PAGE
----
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Spectrolab Marks Production Milestones for Two High-Efficiency Solar Cell Models

LOS ANGELES--Oct. 4, 1999--Spectrolab Inc., supplier of more than half of the world's spacecraft solar cells, has reached a production milestone of 25,000 triple-junction gallium-arsenide (GaAs) solar cells, with an average conversion efficiency of 24.5 percent, its highest average efficiency yet.

Solar cells provide the primary electrical power for satellites in space and conversion efficiency is the ability to convert sunlight into electrical power. The first spacecraft with these cells is scheduled to fly by the end of the year.

Spectrolab also recently celebrated production of a half-million dual-junction GaAs solar cells. No other satellite solar cell manufacturer has achieved these delivery milestones. More than 50 kilowatts of these dual-junction cells are currently in-orbit.

Spectrolab's customers include Hughes Space and Communications Company, the National Aeronautics and Space Administration, Ball Aerospace & Technologies Group, Lockheed Martin and Boeing.

"We are proud of our dedication to continuously improving our technology and providing our industry with optimum competitive choices. In January, we were the first to offer triple-junction solar cells with an unprecedented maximum conversion efficiency of 27.1 percent," said Spectrolab President Dieter Zemmrich.

"The first flight of these triple-junction cells is scheduled for later this year on the Citizen Explorer 1 spacecraft, developed under NASA's Colorado Space Grant Consortium. By 2002, we plan to offer the next-generation solar cell, able to convert nearly 40 percent of the sun's rays into spacecraft electrical power.

"This volume of solar cells produced, delivered and flown provides our satellite customers with a solid in-flight record of performance backed by years of on-orbit operation. For our customers, satellite lifetime is paramount," Zemmrich continued.

"Our highly efficient solar cells are designed to deliver nearly 86 percent of their original power after 15 years in a geostationary orbit. Our customers depend more and more on available power to their satellites in order to boost their revenue streams, and assure payback of their investments."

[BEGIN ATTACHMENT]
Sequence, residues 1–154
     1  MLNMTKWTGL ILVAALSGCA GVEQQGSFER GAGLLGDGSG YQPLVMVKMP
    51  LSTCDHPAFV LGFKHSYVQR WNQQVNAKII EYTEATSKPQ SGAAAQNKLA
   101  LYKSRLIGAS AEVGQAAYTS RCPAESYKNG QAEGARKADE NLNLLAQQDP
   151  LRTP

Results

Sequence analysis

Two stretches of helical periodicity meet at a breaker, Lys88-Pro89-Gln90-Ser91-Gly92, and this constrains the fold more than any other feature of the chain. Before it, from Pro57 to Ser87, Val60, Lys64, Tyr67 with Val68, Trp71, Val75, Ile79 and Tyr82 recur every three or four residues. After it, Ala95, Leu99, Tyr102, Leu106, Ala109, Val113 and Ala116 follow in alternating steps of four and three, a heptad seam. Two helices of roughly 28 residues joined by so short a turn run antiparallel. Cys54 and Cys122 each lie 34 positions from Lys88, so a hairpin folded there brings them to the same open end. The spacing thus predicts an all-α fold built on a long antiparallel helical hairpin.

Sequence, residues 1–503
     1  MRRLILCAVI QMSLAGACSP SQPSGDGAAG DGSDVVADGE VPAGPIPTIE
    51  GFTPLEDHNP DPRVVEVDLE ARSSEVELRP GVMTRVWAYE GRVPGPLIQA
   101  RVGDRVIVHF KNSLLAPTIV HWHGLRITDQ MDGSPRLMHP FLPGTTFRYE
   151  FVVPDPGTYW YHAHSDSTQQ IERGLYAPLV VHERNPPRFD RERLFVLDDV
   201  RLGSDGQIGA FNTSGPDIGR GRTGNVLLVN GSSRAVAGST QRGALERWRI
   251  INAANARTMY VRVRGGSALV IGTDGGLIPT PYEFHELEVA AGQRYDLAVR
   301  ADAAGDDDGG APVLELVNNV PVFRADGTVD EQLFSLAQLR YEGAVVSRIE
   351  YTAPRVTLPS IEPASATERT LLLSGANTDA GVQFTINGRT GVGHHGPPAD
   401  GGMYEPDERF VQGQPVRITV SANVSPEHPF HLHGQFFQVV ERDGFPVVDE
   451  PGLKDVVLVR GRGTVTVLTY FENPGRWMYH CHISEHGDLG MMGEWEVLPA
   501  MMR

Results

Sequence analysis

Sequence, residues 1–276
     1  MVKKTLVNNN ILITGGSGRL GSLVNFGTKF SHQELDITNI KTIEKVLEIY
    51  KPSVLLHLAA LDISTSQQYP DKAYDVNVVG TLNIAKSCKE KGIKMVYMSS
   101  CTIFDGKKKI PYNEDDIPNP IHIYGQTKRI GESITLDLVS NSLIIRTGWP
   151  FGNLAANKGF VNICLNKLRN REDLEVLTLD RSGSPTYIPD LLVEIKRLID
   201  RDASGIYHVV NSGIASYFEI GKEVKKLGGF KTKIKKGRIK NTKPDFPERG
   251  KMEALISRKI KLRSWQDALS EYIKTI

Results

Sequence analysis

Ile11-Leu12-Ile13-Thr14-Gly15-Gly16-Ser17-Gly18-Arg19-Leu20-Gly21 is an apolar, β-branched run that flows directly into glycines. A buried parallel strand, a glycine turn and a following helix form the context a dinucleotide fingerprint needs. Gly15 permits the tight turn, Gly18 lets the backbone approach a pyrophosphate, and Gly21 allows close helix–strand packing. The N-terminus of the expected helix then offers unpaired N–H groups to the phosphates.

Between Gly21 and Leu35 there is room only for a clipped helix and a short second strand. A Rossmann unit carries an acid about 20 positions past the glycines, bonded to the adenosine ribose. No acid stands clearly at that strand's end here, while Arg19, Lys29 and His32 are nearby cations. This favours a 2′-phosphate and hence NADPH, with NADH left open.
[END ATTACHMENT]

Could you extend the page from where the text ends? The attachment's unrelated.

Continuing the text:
Multi-junction GaAs solar cells are becoming the enabling power-generating source for rapid deployment of increased satellite capability. The use of more-efficient solar cells makes it possible to increase the power on existing, and flight-proven, satellite models, increasing the capability of today's satellite designs while the designs of tomorrow are still being developed.

The added efficiency also makes it possible to have either a lighter, smaller array of equivalent power or a more powerful array with no increase in size or weight.

Improved efficiency means a reduction in launch and on-orbit operational costs.

Spectrolab has boosted its production capacity to deliver nearly 1 megawatt of power per year to global spacecraft manufacturers, and has also increased its ability to transfer new designs into flight in half the time as compared to a few years ago.

Spectrolab, founded in 1956, has been supplying solar cells and panels to the space industry for 40 years. Pioneer 1, launched in 1958, carried the first body-mounted panels used in space. The following year, Explorer 6 used Spectrolab products and was the first satellite to use solar arrays instead of body-mounted panels.

Spectrolab is headquartered in Sylmar, Calif., a suburb of Los Angeles. It also is a leading supplier of searchlights and solar simulators. Hughes Electronics Corporation acquired Spectrolab in 1975.

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